Moundsville moves forward with municipal building | News, Sports, Jobs


picture by: Photo by Alan Olson

Moundsville City Council is discussing the planned municipal building before voting to greenlight the project.

MOUNDSVILLE — McKinley Architecture & Engineering was given the go-ahead to move forward with finalizing designs and launching a bid for the new Moundsville Municipal Building, after much debate on Tuesday evening.

In a marathon meeting lasting more than two hours, Moundsville council members voted 5 to 1, with Randy Chamberlain opposed and Denny Wallace absent, to allow McKinley to proceed with the engineering of the town building. The cost of the building will be determined when the building is auctioned, which is expected to happen over the next few weeks.

City manager Rick Healy said the design McKinley was allowed to go with had no basement, but allowed use of much of the second floor of the building, as well as the third floor room existing, as storage space, which is currently a critical problem. to municipal employees. Several designs were presented to the board and changed before the current design was accepted.

“The basement was the biggest expense in older designs. By removing the basement, we were able to save more money,” Healy said. “We went up instead of down, we added a second floor; everything that was in the basement is on the second floor, for the most part, and the third floor is a wide open storage space, and it will be partially unfinished.

Healy presented a slideshow of photos documenting the current working conditions of city employees, including members of the police department, prompting disapproving comments from council members about the state of repairs and the critical lack of space of storage. Bins and boxes are seen in the photos filling all the flat surfaces of the city building, while the structure of the Moundsville Police Department was in poor condition. The police department will join the city’s fire crews in being housed in the new municipal building.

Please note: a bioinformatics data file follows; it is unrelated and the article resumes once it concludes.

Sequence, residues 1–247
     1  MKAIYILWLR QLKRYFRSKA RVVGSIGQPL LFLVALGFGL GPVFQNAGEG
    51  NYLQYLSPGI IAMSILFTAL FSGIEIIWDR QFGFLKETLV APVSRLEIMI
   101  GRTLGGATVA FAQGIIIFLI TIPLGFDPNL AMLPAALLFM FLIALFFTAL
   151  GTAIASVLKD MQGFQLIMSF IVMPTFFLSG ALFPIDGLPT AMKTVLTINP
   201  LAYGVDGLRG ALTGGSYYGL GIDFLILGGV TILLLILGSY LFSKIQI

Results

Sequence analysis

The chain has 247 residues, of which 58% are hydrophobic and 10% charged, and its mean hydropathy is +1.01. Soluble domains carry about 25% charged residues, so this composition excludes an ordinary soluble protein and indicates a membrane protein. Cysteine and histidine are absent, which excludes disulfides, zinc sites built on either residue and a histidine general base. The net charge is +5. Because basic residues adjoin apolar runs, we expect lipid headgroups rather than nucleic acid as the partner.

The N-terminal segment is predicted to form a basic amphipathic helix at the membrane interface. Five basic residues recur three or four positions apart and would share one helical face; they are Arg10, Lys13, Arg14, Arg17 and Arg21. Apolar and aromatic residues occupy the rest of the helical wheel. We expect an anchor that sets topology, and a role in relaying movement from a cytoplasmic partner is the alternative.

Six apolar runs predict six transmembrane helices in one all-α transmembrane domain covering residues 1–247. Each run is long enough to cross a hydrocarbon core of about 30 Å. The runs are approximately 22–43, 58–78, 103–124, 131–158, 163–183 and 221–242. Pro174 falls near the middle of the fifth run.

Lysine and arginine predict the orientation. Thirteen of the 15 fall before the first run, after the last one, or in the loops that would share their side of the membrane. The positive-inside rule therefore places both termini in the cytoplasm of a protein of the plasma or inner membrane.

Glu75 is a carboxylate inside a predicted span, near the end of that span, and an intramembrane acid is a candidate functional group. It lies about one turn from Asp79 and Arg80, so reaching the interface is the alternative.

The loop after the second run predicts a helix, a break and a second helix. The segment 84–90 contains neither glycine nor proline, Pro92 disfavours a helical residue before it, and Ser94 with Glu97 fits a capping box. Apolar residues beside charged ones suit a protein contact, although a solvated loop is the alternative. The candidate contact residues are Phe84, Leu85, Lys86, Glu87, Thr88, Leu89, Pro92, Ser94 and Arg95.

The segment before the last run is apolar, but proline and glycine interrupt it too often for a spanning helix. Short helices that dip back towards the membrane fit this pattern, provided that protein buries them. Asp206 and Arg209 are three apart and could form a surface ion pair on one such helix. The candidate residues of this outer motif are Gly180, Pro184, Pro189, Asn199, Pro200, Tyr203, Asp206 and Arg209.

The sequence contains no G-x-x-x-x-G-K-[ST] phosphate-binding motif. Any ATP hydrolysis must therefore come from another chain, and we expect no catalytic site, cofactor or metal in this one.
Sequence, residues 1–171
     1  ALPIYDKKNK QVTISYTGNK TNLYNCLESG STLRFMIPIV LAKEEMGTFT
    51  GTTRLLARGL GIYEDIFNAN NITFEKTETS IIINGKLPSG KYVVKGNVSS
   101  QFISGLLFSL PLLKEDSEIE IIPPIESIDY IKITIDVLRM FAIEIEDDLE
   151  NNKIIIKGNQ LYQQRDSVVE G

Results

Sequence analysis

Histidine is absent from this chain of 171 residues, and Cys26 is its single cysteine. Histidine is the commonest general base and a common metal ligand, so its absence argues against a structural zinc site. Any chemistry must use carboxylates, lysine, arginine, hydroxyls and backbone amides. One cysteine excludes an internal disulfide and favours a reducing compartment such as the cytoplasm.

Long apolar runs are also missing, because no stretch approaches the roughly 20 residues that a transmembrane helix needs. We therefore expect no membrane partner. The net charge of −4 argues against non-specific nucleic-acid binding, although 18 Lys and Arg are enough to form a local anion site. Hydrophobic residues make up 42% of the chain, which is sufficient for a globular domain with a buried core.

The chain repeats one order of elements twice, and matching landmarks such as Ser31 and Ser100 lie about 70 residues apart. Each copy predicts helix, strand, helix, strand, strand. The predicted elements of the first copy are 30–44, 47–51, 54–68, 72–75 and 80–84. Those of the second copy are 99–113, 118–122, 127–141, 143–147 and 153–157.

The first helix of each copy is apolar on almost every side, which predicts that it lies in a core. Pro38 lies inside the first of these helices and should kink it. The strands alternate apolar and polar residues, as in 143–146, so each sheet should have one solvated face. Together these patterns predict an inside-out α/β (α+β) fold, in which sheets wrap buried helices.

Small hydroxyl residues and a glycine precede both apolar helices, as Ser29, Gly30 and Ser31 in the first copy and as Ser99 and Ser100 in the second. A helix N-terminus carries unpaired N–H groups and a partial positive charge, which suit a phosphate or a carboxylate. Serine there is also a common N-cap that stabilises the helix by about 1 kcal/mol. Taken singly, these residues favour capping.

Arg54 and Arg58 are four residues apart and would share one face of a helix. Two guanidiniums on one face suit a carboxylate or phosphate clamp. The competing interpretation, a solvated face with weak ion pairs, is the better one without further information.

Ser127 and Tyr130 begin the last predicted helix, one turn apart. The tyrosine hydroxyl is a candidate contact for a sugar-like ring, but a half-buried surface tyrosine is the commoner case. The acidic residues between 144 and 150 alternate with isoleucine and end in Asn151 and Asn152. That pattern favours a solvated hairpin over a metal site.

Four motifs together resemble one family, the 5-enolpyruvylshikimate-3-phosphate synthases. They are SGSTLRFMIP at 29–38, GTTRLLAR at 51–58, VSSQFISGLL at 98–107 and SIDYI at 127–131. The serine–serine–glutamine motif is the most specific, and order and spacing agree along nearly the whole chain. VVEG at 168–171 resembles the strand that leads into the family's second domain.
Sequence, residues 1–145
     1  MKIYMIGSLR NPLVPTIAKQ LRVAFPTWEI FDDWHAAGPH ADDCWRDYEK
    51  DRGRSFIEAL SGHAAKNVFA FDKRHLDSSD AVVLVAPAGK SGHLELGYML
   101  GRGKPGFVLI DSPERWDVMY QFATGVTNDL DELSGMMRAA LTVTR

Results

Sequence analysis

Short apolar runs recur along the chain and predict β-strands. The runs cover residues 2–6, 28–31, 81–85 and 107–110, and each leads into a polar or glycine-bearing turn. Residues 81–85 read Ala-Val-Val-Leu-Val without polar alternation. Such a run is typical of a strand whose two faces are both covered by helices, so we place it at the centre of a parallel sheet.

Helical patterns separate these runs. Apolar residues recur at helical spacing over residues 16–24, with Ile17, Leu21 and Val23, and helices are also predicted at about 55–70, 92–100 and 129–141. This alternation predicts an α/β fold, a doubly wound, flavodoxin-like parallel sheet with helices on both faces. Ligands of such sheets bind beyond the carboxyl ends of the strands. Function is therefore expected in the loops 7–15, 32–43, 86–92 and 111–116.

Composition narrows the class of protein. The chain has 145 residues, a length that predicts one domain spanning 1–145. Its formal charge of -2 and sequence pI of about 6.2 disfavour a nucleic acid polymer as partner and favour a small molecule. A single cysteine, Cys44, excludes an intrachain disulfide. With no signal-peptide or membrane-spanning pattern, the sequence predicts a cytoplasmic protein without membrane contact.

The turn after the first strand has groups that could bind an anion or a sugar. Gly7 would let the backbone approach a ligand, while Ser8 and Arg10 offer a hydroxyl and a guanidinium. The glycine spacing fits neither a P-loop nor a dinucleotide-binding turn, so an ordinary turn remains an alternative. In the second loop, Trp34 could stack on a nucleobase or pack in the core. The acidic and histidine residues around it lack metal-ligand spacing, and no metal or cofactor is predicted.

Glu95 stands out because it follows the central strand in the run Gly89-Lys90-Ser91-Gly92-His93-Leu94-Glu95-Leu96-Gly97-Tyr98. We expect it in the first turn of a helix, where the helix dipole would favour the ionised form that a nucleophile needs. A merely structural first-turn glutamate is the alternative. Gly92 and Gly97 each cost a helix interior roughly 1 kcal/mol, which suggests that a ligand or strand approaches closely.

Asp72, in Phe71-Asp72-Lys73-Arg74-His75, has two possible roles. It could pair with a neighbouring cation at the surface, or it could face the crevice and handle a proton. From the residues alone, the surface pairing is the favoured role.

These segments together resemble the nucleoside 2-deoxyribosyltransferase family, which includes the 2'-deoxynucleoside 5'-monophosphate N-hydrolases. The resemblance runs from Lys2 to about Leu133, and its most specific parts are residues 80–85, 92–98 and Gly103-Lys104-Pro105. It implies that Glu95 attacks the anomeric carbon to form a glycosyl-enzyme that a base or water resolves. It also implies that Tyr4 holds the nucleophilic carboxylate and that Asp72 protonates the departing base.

Healy gave a tentative timeline to possibly break ground on the structure this summer, if things go well.

“If I look at the schedule and I’m fair, and not optimistic, I think we could potentially – if our bids come in at the right amount – start in July.”

Chamberlain expressed concerns about the massive construction project continuing now, in relation to rising material costs. Chamberlain has on numerous occasions before noted that COVID-19 has led to increased material and labor costs, a problem that has only worsened over time. Chamberlain added, however, that he was certainly in favor of a new town building.

“This environment that we find ourselves in right now is a very precarious time to start a project of this magnitude,” Chamberlain said. “Steel prices over the past year have increased by 127%. Plastic used in construction has increased by 34% in the last year; plywood is up 14% and lumber 17% in one year. … If you read the professional papers, which I try to do, contractors talk about the inability to get materials and get them in a timely manner, and if they can’t get them in a timely manner, that delay the project, and time is money.

“…We’re talking big money here – the biggest expense in our city’s history. We have to get it right this time,” he added.

Mayor Judy Hunt countered that the city had already invested significant sums in the building’s design and that if council balked at the price of the project when bids came in, it could be reconsidered.

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